AMP Capital Chief Economist Shane Oliver said that in addition to the extra money people will see in their weekly pay, many will get $ 900 through a tax refund already paid at the start of next fiscal year. when they do their annual income tax return.
He said there was no doubt that some of the money would be saved, but there was a good chance that a good percentage of the money would flow back into the economy via consumers.
“The savings rate is already very high and it’s hard to see it go up again. And Australians have paid off their debts at or near record levels anyway,” he said.
âAll of this suggests that a large portion will actually be spent, especially since the tax savings are permanent as opposed to a one-time payment.
“This in turn will help offset the negative impact on household purchasing power across the board from the decrease in JobKeeper and JobSeeker supplement payments.”
ANZ Australian economy chief David Plank said there were signs that people were increasingly concerned about their own financial situation, in part because of the decline in JobKeeper’s payments and JobSeeker.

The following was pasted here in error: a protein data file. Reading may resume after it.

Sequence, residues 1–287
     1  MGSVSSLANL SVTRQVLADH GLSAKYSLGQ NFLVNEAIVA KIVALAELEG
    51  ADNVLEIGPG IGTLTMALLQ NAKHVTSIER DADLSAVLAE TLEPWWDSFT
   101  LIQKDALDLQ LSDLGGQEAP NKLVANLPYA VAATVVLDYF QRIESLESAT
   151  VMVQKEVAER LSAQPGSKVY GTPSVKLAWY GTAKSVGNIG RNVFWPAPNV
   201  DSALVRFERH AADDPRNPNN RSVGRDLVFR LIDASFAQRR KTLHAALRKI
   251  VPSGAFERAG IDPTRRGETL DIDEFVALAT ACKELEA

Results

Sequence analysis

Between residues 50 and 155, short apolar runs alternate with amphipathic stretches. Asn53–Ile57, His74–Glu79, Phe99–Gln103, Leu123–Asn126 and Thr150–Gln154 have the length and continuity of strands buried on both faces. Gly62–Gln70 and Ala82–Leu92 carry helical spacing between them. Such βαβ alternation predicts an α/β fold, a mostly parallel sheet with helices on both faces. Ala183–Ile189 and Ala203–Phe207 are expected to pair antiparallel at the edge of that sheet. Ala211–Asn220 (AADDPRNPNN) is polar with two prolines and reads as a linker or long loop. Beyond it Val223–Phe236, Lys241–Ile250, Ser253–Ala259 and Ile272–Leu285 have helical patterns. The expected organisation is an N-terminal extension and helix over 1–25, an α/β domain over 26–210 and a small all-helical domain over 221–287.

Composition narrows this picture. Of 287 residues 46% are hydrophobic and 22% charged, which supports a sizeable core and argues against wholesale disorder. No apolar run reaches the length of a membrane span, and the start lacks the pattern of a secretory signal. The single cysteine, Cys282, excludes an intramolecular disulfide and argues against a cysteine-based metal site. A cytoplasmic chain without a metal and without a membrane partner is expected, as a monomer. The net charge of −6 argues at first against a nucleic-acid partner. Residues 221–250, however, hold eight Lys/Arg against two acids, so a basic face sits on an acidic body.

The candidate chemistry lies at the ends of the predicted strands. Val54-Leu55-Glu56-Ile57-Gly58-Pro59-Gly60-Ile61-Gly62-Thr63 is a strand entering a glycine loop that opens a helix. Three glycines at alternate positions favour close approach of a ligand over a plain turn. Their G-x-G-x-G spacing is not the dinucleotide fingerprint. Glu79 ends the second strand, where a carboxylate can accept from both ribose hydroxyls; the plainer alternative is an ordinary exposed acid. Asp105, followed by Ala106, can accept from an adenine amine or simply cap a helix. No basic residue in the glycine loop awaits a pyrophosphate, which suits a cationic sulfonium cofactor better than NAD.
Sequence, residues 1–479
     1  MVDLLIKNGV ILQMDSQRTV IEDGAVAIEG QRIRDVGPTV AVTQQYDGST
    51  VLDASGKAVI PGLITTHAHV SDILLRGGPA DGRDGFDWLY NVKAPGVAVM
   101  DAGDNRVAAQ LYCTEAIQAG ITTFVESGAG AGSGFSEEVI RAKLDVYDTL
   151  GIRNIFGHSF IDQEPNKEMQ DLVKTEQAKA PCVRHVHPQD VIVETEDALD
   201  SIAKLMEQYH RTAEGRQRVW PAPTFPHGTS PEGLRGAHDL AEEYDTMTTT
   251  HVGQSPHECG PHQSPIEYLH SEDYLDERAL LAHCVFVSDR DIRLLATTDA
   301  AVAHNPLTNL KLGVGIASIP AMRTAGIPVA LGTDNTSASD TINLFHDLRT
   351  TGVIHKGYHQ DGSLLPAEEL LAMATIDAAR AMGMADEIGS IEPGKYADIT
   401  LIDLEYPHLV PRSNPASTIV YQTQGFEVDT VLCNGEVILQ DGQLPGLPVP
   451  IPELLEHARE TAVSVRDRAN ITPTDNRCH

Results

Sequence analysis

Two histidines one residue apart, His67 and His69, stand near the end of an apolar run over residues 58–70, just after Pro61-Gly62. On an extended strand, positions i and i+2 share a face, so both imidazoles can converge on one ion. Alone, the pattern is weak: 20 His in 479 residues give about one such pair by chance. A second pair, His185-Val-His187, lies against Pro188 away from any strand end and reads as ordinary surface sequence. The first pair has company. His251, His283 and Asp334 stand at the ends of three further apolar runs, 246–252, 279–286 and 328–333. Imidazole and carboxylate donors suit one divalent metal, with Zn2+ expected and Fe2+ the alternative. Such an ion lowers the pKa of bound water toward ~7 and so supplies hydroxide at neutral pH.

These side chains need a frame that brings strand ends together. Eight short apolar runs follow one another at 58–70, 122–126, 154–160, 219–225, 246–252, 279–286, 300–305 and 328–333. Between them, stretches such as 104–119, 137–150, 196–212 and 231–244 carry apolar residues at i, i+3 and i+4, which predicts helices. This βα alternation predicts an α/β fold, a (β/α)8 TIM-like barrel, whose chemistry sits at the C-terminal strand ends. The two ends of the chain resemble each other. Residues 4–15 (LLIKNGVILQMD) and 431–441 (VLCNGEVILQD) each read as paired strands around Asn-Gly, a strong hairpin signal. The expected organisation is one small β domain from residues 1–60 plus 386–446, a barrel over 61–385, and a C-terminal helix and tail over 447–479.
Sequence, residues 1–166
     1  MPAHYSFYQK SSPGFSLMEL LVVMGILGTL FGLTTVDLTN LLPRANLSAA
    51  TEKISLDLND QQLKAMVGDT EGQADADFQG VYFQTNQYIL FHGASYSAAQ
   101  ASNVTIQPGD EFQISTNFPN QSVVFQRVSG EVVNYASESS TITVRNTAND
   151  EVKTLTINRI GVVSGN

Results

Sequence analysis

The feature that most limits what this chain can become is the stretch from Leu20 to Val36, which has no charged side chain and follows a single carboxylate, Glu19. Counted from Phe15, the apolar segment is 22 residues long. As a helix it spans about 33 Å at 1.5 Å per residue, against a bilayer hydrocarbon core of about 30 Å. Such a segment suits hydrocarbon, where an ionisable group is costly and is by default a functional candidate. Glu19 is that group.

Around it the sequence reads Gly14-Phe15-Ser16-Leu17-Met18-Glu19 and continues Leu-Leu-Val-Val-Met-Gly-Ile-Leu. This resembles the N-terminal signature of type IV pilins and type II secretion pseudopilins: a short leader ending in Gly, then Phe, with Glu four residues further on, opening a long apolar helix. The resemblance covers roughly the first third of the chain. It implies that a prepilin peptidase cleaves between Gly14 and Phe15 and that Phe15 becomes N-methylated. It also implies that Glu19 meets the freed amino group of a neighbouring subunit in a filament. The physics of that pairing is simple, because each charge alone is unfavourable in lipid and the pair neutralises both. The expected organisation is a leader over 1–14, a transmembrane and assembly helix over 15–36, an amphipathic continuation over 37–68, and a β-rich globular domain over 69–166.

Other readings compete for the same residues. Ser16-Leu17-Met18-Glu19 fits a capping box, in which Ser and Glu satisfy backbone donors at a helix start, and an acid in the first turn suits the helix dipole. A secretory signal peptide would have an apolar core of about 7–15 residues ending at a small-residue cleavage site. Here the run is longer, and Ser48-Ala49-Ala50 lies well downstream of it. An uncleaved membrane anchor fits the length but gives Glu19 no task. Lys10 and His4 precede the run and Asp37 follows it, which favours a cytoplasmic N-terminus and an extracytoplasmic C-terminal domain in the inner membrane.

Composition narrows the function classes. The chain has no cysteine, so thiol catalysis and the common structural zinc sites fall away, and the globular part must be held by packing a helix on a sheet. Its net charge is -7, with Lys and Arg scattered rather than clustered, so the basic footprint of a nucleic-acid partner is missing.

“Some tax breaks will help in this regard and are therefore welcome. But the boost in tax cuts will be less than the cut in direct support, in this quarter and the first half of next year,” did he declare.
âOf course a lot of other stuff is happening, with Victoria opening up and the housing market being boosted by the strong signal from the RBA that interest rates will stay low for a number of years. this makes reading “tea leaves” even more complicated than usual. “
In its quarterly monetary policy statement released last week, the Reserve Bank – which lowered official interest rates to 0.1% and launched a program to buy $ 100 billion in public debt – underlined the importance of tax cuts for the global economy.
The bank estimates the cuts will cut household taxes by $ 24 billion over the next two years, much of it in 2021-22. This is in addition to the $ 250 payments to retirees and some other welfare recipients.
The bank believes consumer spending will be vital to Australia’s economic recovery, with the tax cuts needed to offset the expiration of temporary aids such as the JobKeeper wage subsidy.
“Some households have already built up significant financial pillows in recent quarters, and if economic conditions continue to improve, they may choose to tap into those pillows to finance their consumption,” he said.